James Wilson (1783-1857) was a surgeon and lecturer in Midwifery. In 1834, he helped found the Glasgow Lying-In Hospital, the first permanent maternity hospital in the city (located at that time in Greyfriars Wynd). The hospital was intended to help poor and homeless women, and took in the unmarried as well as married mothers. It was funded entirely through donations, subscriptions and bequests, and the stigma attached to its policy of accepting unmarried women meant that fundraising could be difficult.
A portrait of James Wilson now hangs in the headquarters of the Royal College of Physicians and Surgeons of Glasgow.
James (my 5x great uncle) is a very recent addition to my family tree. Although I had found the details of his (and his siblings’) birth and baptism a while ago, and had noticed from census records that there was a doctor with the same name and approximate year of birth, I hadn’t followed it up very far, as his profession and social status didn’t seem to match with the rest of the family. Finding the will of his older brother George on ScotlandsPeople, however, provided a wealth of information about the family, including the married names of all the sisters and the occupations of his brother and brothers-in-law. It proved that my James Wilson and the Glaswegian surgeon were one and the same.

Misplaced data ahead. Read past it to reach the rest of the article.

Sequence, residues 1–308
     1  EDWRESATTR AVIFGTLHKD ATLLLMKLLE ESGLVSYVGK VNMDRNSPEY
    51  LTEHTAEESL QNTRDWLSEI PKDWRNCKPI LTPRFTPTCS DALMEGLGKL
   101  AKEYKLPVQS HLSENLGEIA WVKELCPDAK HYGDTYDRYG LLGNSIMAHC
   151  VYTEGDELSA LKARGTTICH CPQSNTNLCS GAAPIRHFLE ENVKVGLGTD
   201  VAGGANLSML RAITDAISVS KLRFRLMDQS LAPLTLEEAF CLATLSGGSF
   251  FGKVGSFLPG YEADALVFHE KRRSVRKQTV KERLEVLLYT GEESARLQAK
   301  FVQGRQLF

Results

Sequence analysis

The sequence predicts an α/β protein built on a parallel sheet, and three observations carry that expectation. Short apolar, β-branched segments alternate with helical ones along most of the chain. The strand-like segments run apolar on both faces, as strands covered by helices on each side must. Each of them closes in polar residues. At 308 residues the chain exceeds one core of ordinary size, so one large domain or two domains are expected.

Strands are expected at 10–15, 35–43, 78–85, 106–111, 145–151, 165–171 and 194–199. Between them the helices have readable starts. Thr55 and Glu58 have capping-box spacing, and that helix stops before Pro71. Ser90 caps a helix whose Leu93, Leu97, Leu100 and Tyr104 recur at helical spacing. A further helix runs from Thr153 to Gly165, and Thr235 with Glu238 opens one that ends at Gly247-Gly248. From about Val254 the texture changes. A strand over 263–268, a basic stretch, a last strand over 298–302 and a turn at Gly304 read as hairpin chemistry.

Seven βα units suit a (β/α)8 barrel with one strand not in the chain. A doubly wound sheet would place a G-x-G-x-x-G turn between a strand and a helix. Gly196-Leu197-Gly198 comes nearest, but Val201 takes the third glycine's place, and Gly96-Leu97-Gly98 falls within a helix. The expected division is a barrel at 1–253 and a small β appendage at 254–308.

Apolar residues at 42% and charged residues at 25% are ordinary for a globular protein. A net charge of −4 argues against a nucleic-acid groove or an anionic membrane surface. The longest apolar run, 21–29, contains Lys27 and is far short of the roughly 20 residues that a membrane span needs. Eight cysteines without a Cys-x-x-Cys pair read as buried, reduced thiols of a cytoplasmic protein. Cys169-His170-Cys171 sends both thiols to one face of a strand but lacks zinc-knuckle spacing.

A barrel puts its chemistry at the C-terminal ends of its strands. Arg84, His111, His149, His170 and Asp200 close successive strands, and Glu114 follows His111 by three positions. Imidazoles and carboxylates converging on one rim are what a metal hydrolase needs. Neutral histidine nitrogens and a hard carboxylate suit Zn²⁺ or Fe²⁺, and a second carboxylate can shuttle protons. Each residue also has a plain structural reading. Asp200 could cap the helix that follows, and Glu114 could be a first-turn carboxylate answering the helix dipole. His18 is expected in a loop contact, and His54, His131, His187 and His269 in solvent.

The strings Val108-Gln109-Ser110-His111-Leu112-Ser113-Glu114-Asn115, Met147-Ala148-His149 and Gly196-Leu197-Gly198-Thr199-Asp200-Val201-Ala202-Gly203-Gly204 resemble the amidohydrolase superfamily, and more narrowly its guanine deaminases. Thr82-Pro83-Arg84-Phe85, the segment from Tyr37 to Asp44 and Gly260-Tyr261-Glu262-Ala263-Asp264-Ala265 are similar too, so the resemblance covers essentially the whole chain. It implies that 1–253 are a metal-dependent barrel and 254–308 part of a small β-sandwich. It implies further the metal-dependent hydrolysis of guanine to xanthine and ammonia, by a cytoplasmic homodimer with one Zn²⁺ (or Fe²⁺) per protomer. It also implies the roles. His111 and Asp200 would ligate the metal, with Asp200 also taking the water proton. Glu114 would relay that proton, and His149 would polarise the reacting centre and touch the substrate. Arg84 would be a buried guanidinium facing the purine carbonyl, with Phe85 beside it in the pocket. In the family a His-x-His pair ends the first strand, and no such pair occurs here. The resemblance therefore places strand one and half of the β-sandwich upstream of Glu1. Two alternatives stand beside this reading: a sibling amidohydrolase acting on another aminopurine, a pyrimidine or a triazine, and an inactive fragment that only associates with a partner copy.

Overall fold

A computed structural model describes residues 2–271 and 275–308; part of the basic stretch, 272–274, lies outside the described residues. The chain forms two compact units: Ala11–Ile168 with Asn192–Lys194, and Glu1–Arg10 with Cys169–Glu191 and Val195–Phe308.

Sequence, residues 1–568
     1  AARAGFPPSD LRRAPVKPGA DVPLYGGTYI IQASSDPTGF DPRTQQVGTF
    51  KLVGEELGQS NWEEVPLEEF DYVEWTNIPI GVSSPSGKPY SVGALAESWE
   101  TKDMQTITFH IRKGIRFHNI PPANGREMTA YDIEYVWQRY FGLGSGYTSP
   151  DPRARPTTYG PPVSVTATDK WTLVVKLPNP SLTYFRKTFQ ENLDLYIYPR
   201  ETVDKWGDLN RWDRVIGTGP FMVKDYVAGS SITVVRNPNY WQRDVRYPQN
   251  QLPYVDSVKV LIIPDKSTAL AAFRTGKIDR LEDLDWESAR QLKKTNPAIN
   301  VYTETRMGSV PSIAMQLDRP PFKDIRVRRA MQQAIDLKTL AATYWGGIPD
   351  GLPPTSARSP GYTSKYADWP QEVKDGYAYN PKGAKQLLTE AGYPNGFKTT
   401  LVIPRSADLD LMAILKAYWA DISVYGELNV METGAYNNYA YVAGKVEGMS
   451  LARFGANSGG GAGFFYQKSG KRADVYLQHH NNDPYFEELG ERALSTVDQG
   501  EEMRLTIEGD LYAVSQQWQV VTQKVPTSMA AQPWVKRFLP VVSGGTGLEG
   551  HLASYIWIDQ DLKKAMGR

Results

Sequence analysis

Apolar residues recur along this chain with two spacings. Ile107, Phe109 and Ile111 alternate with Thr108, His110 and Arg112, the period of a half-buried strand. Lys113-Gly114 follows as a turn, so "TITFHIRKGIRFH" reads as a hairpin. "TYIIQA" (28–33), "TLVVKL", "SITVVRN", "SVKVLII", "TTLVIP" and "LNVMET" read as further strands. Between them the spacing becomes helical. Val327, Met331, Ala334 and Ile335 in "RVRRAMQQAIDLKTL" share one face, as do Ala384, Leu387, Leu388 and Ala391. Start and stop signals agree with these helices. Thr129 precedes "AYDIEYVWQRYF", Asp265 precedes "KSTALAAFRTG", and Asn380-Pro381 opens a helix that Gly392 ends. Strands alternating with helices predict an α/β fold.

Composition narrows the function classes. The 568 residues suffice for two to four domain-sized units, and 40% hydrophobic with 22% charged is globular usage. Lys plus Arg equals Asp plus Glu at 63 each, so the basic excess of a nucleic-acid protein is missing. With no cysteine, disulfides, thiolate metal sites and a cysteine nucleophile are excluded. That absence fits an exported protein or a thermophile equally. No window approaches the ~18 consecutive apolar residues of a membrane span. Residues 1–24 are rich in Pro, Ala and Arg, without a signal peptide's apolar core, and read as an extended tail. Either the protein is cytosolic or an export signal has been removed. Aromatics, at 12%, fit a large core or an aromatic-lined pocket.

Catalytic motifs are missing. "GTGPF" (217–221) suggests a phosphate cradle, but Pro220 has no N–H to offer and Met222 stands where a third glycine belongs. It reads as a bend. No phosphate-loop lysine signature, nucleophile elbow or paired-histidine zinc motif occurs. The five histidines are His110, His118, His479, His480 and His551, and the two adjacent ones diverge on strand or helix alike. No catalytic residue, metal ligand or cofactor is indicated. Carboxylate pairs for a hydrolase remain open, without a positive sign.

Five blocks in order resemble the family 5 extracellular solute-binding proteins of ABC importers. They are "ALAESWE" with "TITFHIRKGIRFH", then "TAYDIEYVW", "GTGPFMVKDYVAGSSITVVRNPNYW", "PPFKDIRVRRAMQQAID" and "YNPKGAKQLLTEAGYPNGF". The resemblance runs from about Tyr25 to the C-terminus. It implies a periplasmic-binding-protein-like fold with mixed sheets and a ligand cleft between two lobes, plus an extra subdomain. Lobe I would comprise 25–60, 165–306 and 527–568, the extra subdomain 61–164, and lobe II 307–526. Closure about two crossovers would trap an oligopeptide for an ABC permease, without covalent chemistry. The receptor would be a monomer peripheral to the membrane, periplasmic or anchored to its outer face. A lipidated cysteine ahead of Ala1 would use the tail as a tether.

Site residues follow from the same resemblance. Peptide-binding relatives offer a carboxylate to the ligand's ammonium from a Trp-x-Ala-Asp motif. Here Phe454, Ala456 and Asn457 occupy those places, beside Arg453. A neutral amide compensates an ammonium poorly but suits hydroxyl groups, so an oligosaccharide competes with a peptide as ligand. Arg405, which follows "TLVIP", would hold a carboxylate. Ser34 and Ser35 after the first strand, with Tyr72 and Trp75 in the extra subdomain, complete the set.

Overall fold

James WILSON was born in Douglas, Lanarkshire on 30 June 1783 to parents George WILSON, a wood merchant and wright, and Elizabeth THOMSON. He was the second youngest of seven children, and shortly after his birth, the family moved to Lanark.
On 29 May 1821, James married Grace GRIEVE (c.1790-1872), daughter of surgeon John GRIEVE and Elizabeth GALLOWAY, in Glasgow. They had seven children:
- Elizabeth Galloway WILSON (1822-1903)
- George Thomson WILSON (1823 – d. in infancy)
- John Grieve WILSON (1825-37)
- George WILSON (1827 – d. in infancy)
- Grace Grieve WILSON (1828-72)
- James George WILSON (1830-81) – succeeded his father at the Maternity Hospital
- William Thorburn WILSON (1832-1915)
James died on 30 Sep 1857 in Blythswood, Glasgow, and he and his wife are buried in Sighthill Cemetery, alongside many of their children.
(This family tree constructed using records and information from ScotlandsPeople, Ancestry, the ‘Catalogue, descriptive and historical, of the pictures and sculpture in the Glasgow art gallery and museum, Kelvingrove’ (1908) and Memento Mori)